ASTANA – Although Bulgaria and Kazakhstan might seem to have little but the Soviet Union to link them, Bulgarians actually first arrived on the territory of modern Kazakhstan more than 100 years ago and faced, with the Kazakhs and other peoples living on the steppe, the dangers posed by the harsh climate and clashes over territory.
“There are a little over 7 million Bulgarians living in different parts of the world and about 4,000 of them still live in Kazakhstan,” Chair of the Bulgarian Ethno-Cultural Association of Astana Olga Andriyevskaya explained.
It was in the early 20th century that Bulgarians from Ukraine and Bessarabia, then part of the Russian empire and now part of current-day Moldova and Ukraine, first settled in Kazakhstan, due to land shortages elsewhere, Andriyevskaya said. “Now it is the fifth generation of Bulgarians that lives and works on the fertile land of Kazakhstan. [This land] contains the remains of our ancestors and fathers, all those who, with their sweat and blood, generously sprinkled the steppes.”
“[Back then] almost no one had horses,” states an excerpt from the account of one of the first Bulgarian settlers, Konstantin Dymov, who described in detail the search for new settlements for Bulgarians in the late 19th century. “Oxen and cows were harnessed to the wagon, they drove women and children. We had seen various challenges – the cold [winter], hunger, diseases – many were buried along the way.”
Dymov continues his memoirs in Pavlodar, where their small peasant group was opposed by local Cossacks, who had been given lands from today’s territories of Omsk to Semipalatinsk. “These are our lands. … Leave to the left bank of Irtysh River or else we will chop you all to pieces,” the Cossack commander shouted, backed by five dozen men with sabres.
The settlers calmed their women and children, made wooden rafts and crossed to the left bank of Irtysh River.
“The left bank has been occupied by Kazakhs for quite some time,” Dymov said in his book. “From time to time we did run into them along the way. … At first we avoided any contact with the [Kazakhs], but after getting to know their peace-loving nature, befriended them. They advised us on how to prepare for the winter, we taught them our craft-making, how to construct houses and farms for livestock.”
In the early 20th century, Bulgarians founded three small villages: Razumovka and Andriyanovka in today’s Pavlodar region and Bolgarka in today’s Aktobe region. Bulgarian settlers quickly adapted to their new home and the new climate and worked their farmland until the drought in the 1930s that slowed down agriculture.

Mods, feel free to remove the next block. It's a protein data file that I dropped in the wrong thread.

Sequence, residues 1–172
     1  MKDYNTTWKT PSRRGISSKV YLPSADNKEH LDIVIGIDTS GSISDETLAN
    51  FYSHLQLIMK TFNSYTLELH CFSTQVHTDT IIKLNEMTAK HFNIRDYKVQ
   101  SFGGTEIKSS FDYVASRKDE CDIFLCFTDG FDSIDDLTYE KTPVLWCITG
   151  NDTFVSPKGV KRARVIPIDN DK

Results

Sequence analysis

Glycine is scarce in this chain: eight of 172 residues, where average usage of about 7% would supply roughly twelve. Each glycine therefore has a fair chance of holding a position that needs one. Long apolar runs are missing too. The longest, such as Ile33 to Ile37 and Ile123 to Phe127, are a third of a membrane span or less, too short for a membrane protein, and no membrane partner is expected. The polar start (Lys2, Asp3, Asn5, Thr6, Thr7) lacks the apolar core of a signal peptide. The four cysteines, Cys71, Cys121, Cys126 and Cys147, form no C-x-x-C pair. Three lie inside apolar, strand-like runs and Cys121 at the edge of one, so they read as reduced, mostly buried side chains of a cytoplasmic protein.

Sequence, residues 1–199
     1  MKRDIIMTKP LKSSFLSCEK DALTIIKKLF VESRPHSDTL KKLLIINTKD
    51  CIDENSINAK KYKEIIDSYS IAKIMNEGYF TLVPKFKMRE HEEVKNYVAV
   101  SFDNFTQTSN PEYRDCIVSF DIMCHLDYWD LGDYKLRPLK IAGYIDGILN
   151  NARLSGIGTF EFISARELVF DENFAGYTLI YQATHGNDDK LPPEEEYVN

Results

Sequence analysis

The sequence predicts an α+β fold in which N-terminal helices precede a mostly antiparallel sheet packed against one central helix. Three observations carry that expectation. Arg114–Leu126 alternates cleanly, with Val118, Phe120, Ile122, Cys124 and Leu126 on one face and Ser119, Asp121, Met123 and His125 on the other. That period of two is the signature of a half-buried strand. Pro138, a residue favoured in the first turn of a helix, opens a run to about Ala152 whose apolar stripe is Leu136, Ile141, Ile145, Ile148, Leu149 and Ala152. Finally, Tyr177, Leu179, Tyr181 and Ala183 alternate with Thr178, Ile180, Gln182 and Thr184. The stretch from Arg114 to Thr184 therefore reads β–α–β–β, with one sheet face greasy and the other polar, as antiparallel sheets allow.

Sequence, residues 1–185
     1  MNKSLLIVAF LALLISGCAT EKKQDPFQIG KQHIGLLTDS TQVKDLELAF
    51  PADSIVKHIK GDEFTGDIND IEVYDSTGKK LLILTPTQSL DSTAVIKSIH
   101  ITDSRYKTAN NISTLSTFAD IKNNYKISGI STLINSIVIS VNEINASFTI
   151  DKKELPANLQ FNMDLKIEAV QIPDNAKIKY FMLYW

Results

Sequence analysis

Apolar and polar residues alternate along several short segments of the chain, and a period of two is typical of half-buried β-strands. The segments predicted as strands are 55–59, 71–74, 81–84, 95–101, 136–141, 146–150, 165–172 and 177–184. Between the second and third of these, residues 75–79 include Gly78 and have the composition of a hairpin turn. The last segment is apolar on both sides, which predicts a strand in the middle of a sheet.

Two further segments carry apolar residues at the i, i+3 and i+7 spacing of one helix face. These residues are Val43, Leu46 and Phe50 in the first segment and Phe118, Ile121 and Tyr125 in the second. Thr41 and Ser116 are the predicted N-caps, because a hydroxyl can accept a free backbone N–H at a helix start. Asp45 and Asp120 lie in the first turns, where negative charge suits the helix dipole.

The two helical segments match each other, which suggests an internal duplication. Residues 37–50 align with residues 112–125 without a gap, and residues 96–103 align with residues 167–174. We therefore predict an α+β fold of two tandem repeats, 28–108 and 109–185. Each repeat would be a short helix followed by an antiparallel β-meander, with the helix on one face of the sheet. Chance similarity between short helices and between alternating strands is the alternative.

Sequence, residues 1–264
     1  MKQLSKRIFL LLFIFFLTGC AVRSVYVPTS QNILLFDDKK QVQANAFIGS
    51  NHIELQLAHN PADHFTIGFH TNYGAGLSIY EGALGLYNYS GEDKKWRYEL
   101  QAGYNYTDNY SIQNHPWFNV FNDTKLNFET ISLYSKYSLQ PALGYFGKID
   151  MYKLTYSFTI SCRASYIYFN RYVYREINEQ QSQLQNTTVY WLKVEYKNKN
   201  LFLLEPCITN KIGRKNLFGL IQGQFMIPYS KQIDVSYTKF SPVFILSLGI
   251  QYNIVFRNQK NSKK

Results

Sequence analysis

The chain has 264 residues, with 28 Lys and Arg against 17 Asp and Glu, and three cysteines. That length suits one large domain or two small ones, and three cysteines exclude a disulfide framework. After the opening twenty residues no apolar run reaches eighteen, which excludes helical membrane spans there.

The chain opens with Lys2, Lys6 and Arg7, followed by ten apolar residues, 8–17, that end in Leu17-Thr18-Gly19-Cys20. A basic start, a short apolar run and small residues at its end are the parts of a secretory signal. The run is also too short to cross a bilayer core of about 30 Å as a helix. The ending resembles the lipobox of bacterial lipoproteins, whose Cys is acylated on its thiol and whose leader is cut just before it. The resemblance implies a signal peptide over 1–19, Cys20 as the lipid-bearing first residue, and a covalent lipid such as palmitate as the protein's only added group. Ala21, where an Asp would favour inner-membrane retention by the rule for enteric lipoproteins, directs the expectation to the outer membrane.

In 1944, Bulgarians, along with many others, were caught up in Joseph Stalin’s rounds of collective punishment and about 12,000 Bulgarians were deported to Kazakhstan from Crimea.
“All Bulgarians, no matter the social status and especially the ‘intelligencia,’ were forcefully deported to the east. This was the second migration wave of Bulgarians to Kazakhstan,” Andriyevskaya explained.
“The Bulgarian diaspora nearly lost its national traits due to assimilation throughout the last four decades, but the strong will to return to our historical roots [and] revive our culture, language and traditions helped us form our cultural centres in Aktobe and Atyrau regions,” Andrieyvskaya stated.
One of the most memorable events in the lives of Bulgarians in Kazakhstan was the meeting with then-President of Bulgaria Georgi Parvanov in 2003. Parvanov at the time was on an official visit to Kazakhstan. He gave the association national costumes and musical instruments, videos and audio tapes and, most importantly, outlined measures to promote the native Bulgarian language and culture in Kazakhstan.
Today, there are about 100 ethnic Bulgarians in the capital’s community, who are mostly in mixed marriages or are elders. There are 24 people in the association.
“Despite our small numbers, we have always been active and gladly welcome whoever wants to work with us. We take part in the city’s events, holidays, roundtables, conferences, exhibitions and concerts held by the Assembly of the People of Kazakhstan. We have a children’s vocal band, Tsvetanka, and the adult band, Zlata, who sing in Bulgarian, wear colourful national costumes and show our lifestyle. Last year we also formed a dance group, Izvor.”
Traditionally Bulgarians have been engaged in agriculture, growing corn, beans, tobacco, vegetables, fruits and livestock like cattle, sheep and pigs, according to the chair of the association in Astana.